In our Someone 2 Know segments, we usually introduce you to a person who is doing something incredible. This week, it's an entire program. 

"She is so excited," said Heather Etchison, a mother of a second grader at Lincoln Park Elementary School. "She loves music. Anything music."

Her daughter, Acacia Cihlar has been waiting for this day all summer. It's the day she gets to get her new, and first, violin. 

"When you watch them open that violin for the first time, it's just this magical experience," said Amy Heald, Education and Community Engagement Director for the Reno Philharmonic.

Cihlar is able to play an instrument thanks to the Reno Philharmonic's Association's Kids program, or RPAK. The program goes into four, Title I schools and exposes them to strings. 
"A lot of them don't normally excel in the regular classrooms, so they get the opportunity to be successful in another area," said Tracy Fisher, Principal at Lincoln Park.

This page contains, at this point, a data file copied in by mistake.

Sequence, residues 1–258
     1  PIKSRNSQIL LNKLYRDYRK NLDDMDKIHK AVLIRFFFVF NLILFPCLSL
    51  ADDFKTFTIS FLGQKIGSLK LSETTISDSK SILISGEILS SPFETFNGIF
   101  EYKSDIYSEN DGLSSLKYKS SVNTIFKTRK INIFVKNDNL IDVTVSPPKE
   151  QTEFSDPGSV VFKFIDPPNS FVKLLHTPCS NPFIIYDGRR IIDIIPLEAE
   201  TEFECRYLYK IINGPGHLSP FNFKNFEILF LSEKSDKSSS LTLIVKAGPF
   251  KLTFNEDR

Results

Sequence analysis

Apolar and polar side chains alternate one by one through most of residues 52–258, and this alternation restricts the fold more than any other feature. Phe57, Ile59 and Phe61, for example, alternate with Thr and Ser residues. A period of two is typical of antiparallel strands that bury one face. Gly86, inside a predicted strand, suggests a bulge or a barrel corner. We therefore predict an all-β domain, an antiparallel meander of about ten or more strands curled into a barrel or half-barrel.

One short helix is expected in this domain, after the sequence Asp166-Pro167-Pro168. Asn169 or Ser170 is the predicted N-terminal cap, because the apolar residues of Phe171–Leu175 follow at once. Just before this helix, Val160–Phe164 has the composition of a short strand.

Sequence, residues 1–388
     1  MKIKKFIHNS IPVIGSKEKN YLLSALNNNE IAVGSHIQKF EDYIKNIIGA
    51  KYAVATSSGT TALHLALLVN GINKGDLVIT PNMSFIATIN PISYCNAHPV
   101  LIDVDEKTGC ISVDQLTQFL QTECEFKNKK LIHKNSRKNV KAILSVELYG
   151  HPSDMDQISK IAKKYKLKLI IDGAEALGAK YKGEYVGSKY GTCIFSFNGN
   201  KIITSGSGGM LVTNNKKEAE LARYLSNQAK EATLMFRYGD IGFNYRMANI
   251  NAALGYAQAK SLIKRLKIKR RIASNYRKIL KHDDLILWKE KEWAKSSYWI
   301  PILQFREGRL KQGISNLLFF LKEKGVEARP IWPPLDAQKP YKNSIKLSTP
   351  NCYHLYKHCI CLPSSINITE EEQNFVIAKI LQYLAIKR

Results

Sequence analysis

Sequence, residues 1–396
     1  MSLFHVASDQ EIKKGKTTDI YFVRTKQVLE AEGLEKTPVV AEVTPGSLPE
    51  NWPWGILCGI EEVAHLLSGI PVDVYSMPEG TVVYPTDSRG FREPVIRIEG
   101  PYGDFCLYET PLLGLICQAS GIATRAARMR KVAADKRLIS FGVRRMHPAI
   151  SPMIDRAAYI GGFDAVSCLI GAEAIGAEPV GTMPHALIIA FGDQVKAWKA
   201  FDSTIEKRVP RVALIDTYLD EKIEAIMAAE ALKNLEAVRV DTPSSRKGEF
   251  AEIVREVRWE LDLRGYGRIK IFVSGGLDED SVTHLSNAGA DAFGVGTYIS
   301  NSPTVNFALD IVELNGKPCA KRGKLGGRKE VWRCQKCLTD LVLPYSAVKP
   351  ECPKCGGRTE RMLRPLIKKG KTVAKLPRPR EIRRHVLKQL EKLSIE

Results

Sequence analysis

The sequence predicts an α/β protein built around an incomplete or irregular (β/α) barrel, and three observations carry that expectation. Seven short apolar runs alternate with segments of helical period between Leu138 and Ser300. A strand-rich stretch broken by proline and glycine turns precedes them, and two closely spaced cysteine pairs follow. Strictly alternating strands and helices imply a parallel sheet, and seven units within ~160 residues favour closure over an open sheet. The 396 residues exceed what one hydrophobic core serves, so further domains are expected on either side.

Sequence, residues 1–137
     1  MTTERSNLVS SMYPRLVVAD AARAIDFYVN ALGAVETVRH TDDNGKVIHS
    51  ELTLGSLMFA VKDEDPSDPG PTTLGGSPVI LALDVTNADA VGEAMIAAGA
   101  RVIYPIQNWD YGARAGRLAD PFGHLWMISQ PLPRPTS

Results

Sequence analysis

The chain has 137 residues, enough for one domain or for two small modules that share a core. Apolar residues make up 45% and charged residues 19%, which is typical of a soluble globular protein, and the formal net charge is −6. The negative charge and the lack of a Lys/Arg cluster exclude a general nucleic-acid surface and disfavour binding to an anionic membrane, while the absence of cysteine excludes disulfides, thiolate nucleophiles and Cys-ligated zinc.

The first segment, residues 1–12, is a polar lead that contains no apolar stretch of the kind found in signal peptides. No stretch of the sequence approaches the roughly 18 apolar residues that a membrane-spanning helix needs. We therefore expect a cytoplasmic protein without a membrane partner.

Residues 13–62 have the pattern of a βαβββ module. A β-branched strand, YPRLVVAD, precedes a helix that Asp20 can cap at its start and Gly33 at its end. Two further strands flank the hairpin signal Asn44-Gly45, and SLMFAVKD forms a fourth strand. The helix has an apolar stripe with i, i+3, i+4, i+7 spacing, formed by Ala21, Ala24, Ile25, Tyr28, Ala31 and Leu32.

At that school, students in the program practice one hour a day, four days a week at no charge. 
"We're able to start kids at a younger age on instruments and give them this opportunity they would normally not have that," said Heald. 

"It is an awesome program. It keeps them busy, and they're doing something they love," said Etchison. 

RPAK, though, faces growing pains. It has become so popular, they are not able to keep up with demand.
"The more dollars I have, the more kids I can serve," said Heald. 

She says society as a whole benefits when music education is so accessible. 

"Kids who are in arts classes, theatre classes, music classes come to school more often. And you'll have a larger graduation rate," said Heald. 

Fisher agrees. 

"We definitely had some kids who struggled in behaviors when they first got here, and that was a positive outlet for them," said Fisher.